Applications are now open for Moreton Bay Region Council equity scholarships that provide a lifeline to Year 12 students that simply cannot afford to attend university.
Mayor Peter Flannery said any local Year 12 student experiencing financial hardship who chooses to study at USC Moreton Bay can apply to receive up to $8,000 a year to help cover their tuition costs.
“Changing our region’s future isn’t just about investing in infrastructure, it’s about investing in people,” he said.
“Our new Regional Economic Development Strategy will attract new business and industries in fields like science, manufacturing, and technology; so we need to ensure we have an educated local workforce ready to fulfil the jobs of the future.
“Education is the key to evolution and I want to stop the brain drain that sees our best and brightest kids go to Brisbane or Sydney.”
Warner resident Kaitlyn Grobbelaar was one of the inaugural recipients from the $750,000 scholarship fund and says she wouldn’t have made it through 2020 without her scholarship.
“The scholarships is the only reason I was able to buy the computer equipment I needed to keep studying online from home when the COVID lockdown hit,” she said.
“I lost by job because of the coronavirus, and I couldn’t find a job anywhere, so it was great having the support of the Council.
“If you’re thinking of applying for this scholarship, just do it. That’s what I did and now I’m on my way to becoming a primary school teacher.”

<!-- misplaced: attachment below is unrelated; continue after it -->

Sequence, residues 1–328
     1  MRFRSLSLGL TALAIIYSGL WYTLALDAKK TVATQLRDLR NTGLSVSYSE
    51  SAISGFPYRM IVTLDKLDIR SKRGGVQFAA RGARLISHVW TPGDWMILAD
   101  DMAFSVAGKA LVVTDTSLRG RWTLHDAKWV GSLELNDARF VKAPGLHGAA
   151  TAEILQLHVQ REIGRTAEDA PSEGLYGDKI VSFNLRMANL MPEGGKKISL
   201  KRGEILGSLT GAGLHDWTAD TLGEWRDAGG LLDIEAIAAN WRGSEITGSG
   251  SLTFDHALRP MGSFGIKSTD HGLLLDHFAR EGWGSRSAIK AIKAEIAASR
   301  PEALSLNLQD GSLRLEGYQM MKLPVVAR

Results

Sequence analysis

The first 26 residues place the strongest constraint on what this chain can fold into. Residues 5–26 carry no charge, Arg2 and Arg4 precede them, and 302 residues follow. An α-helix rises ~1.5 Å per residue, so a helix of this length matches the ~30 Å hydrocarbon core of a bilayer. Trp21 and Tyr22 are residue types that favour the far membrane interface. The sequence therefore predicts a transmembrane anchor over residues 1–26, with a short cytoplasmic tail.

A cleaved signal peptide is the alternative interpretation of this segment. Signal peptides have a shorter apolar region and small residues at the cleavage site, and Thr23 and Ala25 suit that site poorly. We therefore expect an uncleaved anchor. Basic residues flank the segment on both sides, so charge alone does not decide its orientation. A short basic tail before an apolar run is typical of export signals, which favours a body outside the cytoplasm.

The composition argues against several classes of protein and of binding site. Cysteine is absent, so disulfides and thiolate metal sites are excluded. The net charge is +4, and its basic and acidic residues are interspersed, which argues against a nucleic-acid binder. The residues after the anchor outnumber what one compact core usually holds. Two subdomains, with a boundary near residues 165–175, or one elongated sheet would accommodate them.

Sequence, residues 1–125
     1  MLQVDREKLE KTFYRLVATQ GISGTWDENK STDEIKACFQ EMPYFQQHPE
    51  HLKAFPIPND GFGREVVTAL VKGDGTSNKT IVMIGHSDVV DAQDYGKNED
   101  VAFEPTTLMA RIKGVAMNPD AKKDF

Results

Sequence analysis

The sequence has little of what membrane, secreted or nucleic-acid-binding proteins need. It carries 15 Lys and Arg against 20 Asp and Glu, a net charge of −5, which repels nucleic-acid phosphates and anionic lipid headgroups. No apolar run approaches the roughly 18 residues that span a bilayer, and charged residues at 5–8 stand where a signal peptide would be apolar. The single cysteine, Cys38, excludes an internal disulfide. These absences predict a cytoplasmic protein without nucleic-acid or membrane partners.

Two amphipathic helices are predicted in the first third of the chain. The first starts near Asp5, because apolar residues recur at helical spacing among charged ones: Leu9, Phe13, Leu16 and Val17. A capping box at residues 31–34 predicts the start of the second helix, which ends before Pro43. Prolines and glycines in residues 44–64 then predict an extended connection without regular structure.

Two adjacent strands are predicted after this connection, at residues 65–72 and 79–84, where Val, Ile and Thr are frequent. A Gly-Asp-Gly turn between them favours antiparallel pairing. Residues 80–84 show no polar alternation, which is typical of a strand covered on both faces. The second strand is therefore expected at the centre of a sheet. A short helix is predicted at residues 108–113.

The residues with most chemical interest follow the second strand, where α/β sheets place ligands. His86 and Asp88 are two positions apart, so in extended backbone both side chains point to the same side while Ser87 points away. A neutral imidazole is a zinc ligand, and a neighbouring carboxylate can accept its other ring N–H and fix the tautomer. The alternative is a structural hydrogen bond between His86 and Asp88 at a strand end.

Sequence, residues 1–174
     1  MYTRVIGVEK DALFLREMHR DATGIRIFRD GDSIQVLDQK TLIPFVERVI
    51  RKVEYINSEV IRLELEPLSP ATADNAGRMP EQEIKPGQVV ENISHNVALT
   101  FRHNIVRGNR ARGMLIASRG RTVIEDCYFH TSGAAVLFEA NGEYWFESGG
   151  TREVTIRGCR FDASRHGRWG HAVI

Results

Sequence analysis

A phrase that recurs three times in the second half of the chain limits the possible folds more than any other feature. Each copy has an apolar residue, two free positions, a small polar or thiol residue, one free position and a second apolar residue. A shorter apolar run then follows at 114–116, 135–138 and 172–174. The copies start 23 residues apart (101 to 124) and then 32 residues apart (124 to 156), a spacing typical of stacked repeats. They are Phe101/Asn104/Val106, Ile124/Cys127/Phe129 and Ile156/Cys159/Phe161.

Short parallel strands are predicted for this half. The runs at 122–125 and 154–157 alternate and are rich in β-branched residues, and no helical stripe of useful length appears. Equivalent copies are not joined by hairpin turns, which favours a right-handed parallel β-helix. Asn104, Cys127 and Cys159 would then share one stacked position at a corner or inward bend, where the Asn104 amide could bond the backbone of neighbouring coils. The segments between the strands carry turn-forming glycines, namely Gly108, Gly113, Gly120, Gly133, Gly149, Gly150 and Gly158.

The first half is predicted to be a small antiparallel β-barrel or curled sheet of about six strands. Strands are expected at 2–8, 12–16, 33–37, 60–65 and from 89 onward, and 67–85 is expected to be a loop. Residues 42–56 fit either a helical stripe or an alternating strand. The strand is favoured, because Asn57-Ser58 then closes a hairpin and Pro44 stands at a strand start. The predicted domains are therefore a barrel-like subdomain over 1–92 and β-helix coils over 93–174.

Applications open from 1 September and will stay open until 30 November, ready for enrolment in 2021.
Scholarship recipients get between $32,000 - $40,000 depending on whether they study a single degree fulltime over four years or dual degrees over five years.
Head of USC Moreton Bay Professor Karen Becker praised Moreton Bay Regional Council for continuing to fund these important scholarships.
“The pandemic has presented some unique challenges for our students this year and having scholarships like these helps us support students who otherwise might have had to give up on their dreams of study because of COVID-19,” she said.
“USC Moreton Bay is working with the Council to skill up the region and address some of the long-term disadvantages that have previously prevented students from attending university.”
Mayor Flannery said Moreton Bay Region had unacceptably low tertiary education rates long before coronavirus hit.
“Just 35% of Moreton Bay school leavers attend university which troubles me, because we’ll never know how many talented and determined local kids have missed out on going to uni and the associated job opportunities simply because their families couldn’t afford for them to go,” he said.
“We have to change that statistic, which is why my fellow Councillors and I are keen to help tear down these financial barriers through our equity scholarship initiative.
“I’ve repeatedly said that I don’t want anyone falling through the cracks as we chart a course to post-COVID recovery, and this is a direct and practical way we can ensure local families benefit from our very own university campus here in Moreton Bay Region.”
USC’s Moreton Bay campus opened in February this year and by 2030 is forecast to have more than 10,000 students participating in 100 different study programs.
The USC campus is the first major development at The Mill PDA which is set to become a knowledge and innovation hub 50% larger than the Brisbane CBD.
The Mill PDA is forecast to generate 6,000 local jobs and inject $1 billion into our local economy each year.
For more information about the scholarship program and how to apply, visit https://www.usc.edu.au/study/scholarships/merit-scholarships/moreton-bay-regional-council-scholarship